Advice To My 20 Year Old Self

Advice to my former self: Avoid perms and hairspray!
Advice to my former self: Avoid perms and hairspray!

I really try to live life with no regrets. After reading Stephanie’s post about turning 28, it made me think back to my 20’s. It doesn’t help much to beat yourself up over the past and what might have been, but sometimes I do look back and wish I’d done some things differently, so here is a bit of the advice I’d give to my 20 year old self.

Start Investing Early

My friend DC wrote a great post at Young Adult Money last week about millennials and how they need to start saving early for retirement. I would have to say that’s the biggest thing I’d tell my former self. If I’d maxed out my retirement account from day one, I’d have so much money now. It seemed like a huge monthly chunk at the time, but if that’s what I’d learned to live on, it would have been fine. Going from nothing in college to even half my salary would have been an improvement. If you don’t make lots, you can still save if you keep expenses low.

Think Really Hard About Student Loans

I would have loved to travel before I started my career. I was probably too naive right out of high school, but I came out of undergrad loan free, so that would have been a perfect time. When your expectations are low, it’s no biggie to sleep in a hostel with a dozen smelly people. After optometry school, I had to start making loan payments.

Again no regrets about the career I chose or having to take loans to get it , but it killed any extended travel dreams. If you’d like to take a year off to travel, make sure you don’t have a 6 month grace period around your neck.

Work Like a Fiend

While I would encourage people to travel or do something you’ve always wanted before you start your real career, once you do, work like mad. Your 20’s will be the time when you are most motivated and most able to work. Develop your side hustle. Find out how to become a landlord. Make and save as much as you can.

Work like a fiend to pay off any debt you might have and try to avoid the pitfalls of the monthly payment lifestyle. While some things, like real estate, are worth their debt, vacations, brand new cars, and a fall wardrobe are not.

I hope you’ll be one of those people who always finds satisfaction and fulfillment with your job. If you are like most of us, though, the 9-5 grind will not seem so important someday. You won’t feel as challenged, and you will likely become more jaded as you get older. I’m not saying this to be negative, but there comes a time when most people realize that they are just a cog in the wheel. If you’ve saved and developed multiple streams of income, you have so many more options than if you are working just to keep up with monthly payments.

You Don’t Have To Follow Anyone’s Expectations

When I was in college, I used to have panic attacks. They weren’t because I was worried about grades or what I wanted to do, but they were because I tried to please everyone except myself. I love my parents, but they expected me to go to school, stay close to home, marry a local, have 2.3 kids, and live happily ever after. It was very traumatic to make the decision to move out west. It still causes more friction with my family than it should.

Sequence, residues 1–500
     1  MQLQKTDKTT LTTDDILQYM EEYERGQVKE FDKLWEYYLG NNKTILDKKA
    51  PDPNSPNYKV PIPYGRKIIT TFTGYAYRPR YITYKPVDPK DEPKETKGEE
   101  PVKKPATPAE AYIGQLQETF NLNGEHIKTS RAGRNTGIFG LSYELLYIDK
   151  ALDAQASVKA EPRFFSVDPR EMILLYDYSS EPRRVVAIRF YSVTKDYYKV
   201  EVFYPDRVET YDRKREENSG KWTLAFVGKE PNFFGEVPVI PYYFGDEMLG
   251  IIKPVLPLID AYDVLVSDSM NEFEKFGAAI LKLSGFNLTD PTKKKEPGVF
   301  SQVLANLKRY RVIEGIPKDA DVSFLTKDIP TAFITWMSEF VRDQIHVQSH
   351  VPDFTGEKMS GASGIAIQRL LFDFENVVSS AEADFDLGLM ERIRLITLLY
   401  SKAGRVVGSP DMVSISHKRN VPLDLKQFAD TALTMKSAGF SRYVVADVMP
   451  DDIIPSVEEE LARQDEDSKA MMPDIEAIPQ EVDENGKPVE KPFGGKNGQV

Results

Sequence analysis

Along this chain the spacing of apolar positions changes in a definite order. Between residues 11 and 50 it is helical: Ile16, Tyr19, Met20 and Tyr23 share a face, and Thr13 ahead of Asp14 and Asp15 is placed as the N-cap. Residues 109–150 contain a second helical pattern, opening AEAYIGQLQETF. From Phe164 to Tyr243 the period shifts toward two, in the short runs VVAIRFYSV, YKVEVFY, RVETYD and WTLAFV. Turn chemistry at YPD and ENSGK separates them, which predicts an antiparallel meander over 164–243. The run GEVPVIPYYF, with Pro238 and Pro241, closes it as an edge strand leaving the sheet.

However, I know with 100% certainty that I would be a shell of my current self if I had stayed in my hometown. I think it’s appropriate to respect your family and friends, but you have to make your own path. Pretending to be someone you’re not will catch up with you.

Love Everything About Your 20’s

I spent my 20’s trying to get through school and get established. I never took time to appreciate that I could stay up really late and still function the next day or that I could eat pasta 5 times a week and never gain a pound if I went for a run every day. I didn’t appreciate that I could run everyday without my knees hurting.I never appreciated how flat my stomach actually was.

While I’m much smarter and less stressed these days, the fact that I have to work three times as hard just to maintain and that I turn into a troll if I stay up past 11PM is not lost on me.

You might not believe it, but I love being 40. While it sounds old to say it, my life keeps getting better, and I have lots to look forward to. That doesn’t mean I don’t look back sometimes and think about what I could have done better.

If you’re in your 20’s, are you making the most of your youth? If you’re older, what advice would you give your 20 year old self?

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  1. “You Don’t Have To Follow Anyone’s Expectations” – that’s by far the best thing about being older. I don’t have time for games and simply just don’t care anymore about what other people think.

  2. I wish I had taken more time for myself in college. Instead I worked hard, taking around 20 credit hours/semester and working nearly full time. Now that I’m out of college I work about 50 hours a week at my full time job and part-time jobs, plus my freelancing and blogging, which take up another 20+ hours/week. I wish I had appreciated and taken more free time in college.

  3. I would *force* myself to start a pension from the moment I started working rather than considering it a luxury in my 20’s. Sure, money would have been tight (it was anyway, to hey!) but think of all that compound interest! Makes me cry… 😉

  4. This is great advice! Having just turned 30, I’m happy to look back on my 20s and realize that I did a pretty good job getting my financial life in order (lots of saving and earning!). The thing I’m working on now is your advice to not follow other people’s expectations. That’s been a struggle for me and I feel like I’m just now emerging from that cycle. Thank you for the inspiration!

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